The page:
Menopause

Menopause is a natural biological process that marks the end of menstruation and fertility. Technically, you are considered to have reached menopause one year after the completion of your final menstrual cycle. In the United States, the average age at which a woman reaches menopause is about 51, although most women can expect to enter a transition phase called perimenopause as early as their mid-40s.

During perimenopause you begin experiencing menopausal signs and symptoms, even though you still menstruate. Your hormone levels rise and fall unevenly, and you may experience other symptoms including:

  • Vaginal dryness
  • Hot flashes
  • Sleep disturbances
  • Mood swings
  • Increased abdominal fat
  • Thinning hair
  • Loss of breast fullness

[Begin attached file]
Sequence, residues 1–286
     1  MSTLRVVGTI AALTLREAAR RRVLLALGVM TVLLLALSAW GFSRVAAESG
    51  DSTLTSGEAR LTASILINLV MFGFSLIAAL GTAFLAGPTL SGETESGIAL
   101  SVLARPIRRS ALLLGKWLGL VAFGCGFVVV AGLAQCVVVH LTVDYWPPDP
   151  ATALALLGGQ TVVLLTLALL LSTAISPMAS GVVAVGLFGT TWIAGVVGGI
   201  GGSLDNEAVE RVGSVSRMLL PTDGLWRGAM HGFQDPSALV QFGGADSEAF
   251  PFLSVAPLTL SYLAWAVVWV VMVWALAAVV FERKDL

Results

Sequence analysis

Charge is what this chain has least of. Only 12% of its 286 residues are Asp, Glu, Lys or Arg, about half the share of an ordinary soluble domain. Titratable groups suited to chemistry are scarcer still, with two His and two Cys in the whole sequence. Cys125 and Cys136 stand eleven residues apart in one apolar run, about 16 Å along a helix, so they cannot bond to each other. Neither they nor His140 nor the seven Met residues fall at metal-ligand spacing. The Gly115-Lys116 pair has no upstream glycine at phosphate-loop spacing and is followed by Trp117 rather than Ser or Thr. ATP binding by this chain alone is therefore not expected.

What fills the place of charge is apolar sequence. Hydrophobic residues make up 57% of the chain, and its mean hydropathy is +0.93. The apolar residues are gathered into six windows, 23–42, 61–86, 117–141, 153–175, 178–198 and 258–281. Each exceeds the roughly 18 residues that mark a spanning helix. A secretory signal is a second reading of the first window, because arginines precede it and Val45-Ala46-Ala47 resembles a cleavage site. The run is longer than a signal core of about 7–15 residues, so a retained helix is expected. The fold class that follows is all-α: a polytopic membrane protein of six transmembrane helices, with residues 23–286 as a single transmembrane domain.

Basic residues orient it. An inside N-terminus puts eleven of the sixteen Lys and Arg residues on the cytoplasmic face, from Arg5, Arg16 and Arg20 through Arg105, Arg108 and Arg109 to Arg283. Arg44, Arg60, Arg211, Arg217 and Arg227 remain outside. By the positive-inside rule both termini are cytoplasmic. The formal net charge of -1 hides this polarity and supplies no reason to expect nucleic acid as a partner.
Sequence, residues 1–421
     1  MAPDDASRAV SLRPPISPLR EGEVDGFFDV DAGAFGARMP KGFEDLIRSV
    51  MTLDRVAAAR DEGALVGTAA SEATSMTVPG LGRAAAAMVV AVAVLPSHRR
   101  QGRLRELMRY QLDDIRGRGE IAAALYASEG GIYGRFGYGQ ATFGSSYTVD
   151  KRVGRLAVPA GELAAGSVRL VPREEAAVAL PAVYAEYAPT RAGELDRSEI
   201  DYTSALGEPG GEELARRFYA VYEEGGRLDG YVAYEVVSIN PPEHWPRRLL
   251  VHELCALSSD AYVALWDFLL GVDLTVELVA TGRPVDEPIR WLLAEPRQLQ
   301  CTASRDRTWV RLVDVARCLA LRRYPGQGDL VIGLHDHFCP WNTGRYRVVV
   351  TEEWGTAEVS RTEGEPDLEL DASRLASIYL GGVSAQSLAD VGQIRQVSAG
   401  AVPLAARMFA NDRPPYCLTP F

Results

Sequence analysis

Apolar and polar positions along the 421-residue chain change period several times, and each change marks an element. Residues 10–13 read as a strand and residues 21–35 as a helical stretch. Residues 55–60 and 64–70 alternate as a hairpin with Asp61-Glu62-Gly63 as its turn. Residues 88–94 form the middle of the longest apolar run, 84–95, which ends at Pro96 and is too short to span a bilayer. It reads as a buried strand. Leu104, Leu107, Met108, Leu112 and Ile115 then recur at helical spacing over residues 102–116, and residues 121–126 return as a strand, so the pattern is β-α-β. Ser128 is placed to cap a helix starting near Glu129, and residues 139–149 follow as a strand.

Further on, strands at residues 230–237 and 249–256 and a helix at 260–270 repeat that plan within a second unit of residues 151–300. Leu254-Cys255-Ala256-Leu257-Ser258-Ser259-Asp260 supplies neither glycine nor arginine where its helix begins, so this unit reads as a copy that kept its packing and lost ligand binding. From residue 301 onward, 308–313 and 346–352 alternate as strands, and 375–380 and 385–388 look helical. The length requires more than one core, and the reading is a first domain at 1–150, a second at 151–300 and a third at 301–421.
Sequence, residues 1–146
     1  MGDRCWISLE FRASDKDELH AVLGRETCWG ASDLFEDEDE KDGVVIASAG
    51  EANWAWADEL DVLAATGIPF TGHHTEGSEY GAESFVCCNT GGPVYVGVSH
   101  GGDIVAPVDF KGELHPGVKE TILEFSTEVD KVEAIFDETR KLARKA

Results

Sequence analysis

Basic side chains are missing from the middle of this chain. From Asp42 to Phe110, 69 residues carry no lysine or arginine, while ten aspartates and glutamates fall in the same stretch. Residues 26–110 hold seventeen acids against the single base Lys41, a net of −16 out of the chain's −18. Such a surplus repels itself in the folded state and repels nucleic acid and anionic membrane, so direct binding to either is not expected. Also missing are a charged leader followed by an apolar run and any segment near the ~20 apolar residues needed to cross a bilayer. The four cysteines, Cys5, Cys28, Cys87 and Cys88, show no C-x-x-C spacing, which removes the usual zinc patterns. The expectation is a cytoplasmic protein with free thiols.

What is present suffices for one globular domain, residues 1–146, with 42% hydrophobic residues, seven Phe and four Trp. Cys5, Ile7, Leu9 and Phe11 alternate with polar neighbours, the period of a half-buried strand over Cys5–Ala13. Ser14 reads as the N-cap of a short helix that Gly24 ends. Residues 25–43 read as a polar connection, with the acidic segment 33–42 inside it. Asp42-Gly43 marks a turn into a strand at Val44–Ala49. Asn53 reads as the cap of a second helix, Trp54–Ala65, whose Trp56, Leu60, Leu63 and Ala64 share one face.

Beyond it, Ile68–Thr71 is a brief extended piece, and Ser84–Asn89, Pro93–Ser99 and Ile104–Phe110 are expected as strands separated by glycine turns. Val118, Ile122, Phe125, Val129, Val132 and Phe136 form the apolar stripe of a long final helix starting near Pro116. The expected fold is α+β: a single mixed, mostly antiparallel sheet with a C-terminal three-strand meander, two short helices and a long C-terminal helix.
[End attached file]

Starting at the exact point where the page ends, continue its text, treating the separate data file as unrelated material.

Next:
Perimenopause may last four to five years or longer. You should not hesitate to get treatment if any of the symptoms you experience are severe. There are many options available to women today, ranging from lifestyle changes to hormone therapy. Your health care provider can help you choose the therapy that’s right for you.

Once 12 months have passed since your last period, you've officially reached menopause. Your ovaries produce much less estrogen and no progesterone, and they don't release eggs. The years that follow are called postmenopause.